November 28, 2023

tickAvoiding Ticks in Utah

Ticks are small arachnids (related to spiders and mites) that feed on the blood of animals. They are most known for their potential to transmit disease to humans and other animals. Many species of ticks occur in Utah, but most live in close association with their hosts and would never encounter humans.

In Utah, the Rocky Mountain wood tick (Dermacentor andersoni), which has the ability to transmit Colorado tick fever, is the most commonly encountered tick for humans and pets. The brown dog tick (Rhipicephalus sanguineus) may occasionally be brought into homes on infested dogs or animals. Less frequently encountered ticks include the winter fern tick (D. albipictus) and the western blacklegged tick (Ixodes pacificus).

While many people fear ticks for their ability to transmit Lyme disease, the only human-attaching tick capable of this in Utah is the western blacklegged tick. This tick species is not commonly encountered in Utah and recent surveys found no presence of Lyme in any collected ticks. Ticks are commonly found in Utah from the time of snowmelt through mid-July, and they can become active again in the fall. Ticks are usually found at ground level to 3
feet above in grass, low plants, and brush along the edges of fields and woodlands. They do not jump or fly; instead, they climb vegetation and wait for a host to pass by. To protect against tick-borne illnesses, check yourself carefully after being in tick habitats. Pay close attention to the armpits, waistline, belly button, scalp, and crotch. Ticks may take a few hours to find a feeding site, which will allow you to detect and remove them promptly.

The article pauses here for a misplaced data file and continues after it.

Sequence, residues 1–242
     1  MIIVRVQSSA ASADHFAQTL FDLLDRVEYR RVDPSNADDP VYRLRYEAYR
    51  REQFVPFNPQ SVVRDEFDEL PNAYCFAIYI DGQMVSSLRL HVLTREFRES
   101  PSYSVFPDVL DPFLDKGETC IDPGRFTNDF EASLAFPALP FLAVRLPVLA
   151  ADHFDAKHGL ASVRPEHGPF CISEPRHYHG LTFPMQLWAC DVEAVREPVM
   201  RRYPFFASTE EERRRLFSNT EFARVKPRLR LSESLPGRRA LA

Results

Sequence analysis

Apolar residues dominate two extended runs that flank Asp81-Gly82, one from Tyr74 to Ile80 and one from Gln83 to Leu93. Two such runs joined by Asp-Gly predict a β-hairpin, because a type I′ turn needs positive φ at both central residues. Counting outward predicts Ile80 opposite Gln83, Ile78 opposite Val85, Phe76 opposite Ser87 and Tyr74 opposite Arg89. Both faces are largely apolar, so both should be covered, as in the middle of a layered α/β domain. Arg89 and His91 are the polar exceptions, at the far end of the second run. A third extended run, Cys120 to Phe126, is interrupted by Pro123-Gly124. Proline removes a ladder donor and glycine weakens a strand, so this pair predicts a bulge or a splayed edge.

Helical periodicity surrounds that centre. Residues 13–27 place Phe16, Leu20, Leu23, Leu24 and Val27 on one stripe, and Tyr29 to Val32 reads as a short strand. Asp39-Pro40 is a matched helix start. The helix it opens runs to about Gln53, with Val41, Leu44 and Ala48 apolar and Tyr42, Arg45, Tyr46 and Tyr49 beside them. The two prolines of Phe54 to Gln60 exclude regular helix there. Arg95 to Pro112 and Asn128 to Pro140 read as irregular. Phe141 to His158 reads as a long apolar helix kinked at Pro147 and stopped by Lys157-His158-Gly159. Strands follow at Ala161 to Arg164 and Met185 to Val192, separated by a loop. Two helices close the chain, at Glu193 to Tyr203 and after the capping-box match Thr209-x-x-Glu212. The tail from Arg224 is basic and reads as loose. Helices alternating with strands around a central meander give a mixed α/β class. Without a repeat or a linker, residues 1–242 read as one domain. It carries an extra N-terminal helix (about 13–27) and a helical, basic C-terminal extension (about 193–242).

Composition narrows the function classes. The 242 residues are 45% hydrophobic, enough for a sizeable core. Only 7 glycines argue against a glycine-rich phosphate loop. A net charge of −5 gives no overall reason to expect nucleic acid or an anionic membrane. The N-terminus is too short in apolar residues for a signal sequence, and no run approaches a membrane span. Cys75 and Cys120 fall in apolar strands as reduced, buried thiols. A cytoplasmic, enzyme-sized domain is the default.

Proper removal of ticks is crucial to reduce the risk of disease transmission. For larger hard ticks, use tweezers to grasp the tick as close to the skin as possible, targeting the mouthparts. Pull the tick straight upward without twisting or crushing it. Use steady pressure until it releases. Smaller hard ticks can be scraped off with a knife blade or credit card edge. If the tick’s head breaks off and remains in the skin, use a sterile needle to carefully lift or scrape it. Wash the wound with soap and water after the tick is removed. Apply an over-the-counter antibiotic ointment to help reduce the chance of catching a disease or secondary infection. After removal, save the tick in rubbing alcohol for identification in case symptoms develop. Seek medical attention if you develop any tick-borne disease symptoms, including fever, chills, headache, fatigue, muscle and joint aches, swollen lymph nodes, and a target-shaped rash at the tick site. Visit the Centers for Disease Control web page on Diseases Transmitted by Ticks for more information.

Prevention is the best way to avoid ticks and their potential pathogens. Consider these tips.
• Avoid grassy, bushy, and sage-brush areas along edges of woodlands and fields, especially from March to mid-July.
• Wear long pants and long-sleeved shirts. Tuck shirts into pants and pants into socks. Apply tick repellent to clothing before entering tick habitat.
• Wear light-colored clothing to make it easier to detect and remove ticks. Always complete a thorough check for ticks after being in tick habitat. If you discover a tick bite, contact the Utah Plant Pest Diagnostic Lab at Utah State University. The lab can provide identification through photos submitted via email or phone. (Physical samples of ticks cannot be accepted due to safety protocols.)

For more information check out the full fact sheet on Ticks and Tick-borne Diseases of Utah.

Kate Richardson, Utah State University Extension Program Associate
From Fall 2023 Utah Pests Newsletter